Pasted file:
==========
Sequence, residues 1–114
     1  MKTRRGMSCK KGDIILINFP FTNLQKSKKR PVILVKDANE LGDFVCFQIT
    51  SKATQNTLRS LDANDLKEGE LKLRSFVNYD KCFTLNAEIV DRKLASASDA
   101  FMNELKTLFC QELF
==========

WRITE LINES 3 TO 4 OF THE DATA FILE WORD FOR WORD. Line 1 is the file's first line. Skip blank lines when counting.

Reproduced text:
    51  SKATQNTLRS LDANDLKEGE LKLRSFVNYD KCFTLNAEIV DRKLASASDA
   101  FMNELKTLFC QELF